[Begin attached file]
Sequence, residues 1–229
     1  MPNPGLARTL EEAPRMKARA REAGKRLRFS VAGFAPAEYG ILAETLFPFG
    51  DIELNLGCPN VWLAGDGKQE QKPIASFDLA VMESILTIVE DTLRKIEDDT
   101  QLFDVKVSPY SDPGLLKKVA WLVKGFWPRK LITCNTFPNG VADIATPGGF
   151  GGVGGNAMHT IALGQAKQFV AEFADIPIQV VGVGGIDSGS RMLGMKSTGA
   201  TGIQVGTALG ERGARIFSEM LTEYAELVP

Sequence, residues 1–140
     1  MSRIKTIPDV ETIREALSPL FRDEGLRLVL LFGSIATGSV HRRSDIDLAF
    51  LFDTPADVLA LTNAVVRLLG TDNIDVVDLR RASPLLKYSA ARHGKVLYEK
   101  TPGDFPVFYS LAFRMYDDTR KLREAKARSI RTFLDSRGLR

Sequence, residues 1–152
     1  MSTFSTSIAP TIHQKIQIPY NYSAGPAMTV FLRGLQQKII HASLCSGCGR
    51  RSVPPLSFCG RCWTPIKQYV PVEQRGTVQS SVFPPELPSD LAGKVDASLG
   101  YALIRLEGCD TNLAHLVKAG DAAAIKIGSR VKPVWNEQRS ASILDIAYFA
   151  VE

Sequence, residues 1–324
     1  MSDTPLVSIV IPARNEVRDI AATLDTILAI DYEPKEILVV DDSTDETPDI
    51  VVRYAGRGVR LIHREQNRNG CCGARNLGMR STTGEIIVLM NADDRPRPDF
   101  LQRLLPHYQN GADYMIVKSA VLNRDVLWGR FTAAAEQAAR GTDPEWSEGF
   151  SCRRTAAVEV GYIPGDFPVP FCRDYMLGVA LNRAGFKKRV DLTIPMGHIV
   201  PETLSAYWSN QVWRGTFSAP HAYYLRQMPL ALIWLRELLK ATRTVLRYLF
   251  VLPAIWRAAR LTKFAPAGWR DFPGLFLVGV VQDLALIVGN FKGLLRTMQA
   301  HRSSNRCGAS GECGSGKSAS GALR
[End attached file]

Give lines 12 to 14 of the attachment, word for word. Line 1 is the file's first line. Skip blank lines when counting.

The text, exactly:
     1  MSTFSTSIAP TIHQKIQIPY NYSAGPAMTV FLRGLQQKII HASLCSGCGR
    51  RSVPPLSFCG RCWTPIKQYV PVEQRGTVQS SVFPPELPSD LAGKVDASLG
   101  YALIRLEGCD TNLAHLVKAG DAAAIKIGSR VKPVWNEQRS ASILDIAYFA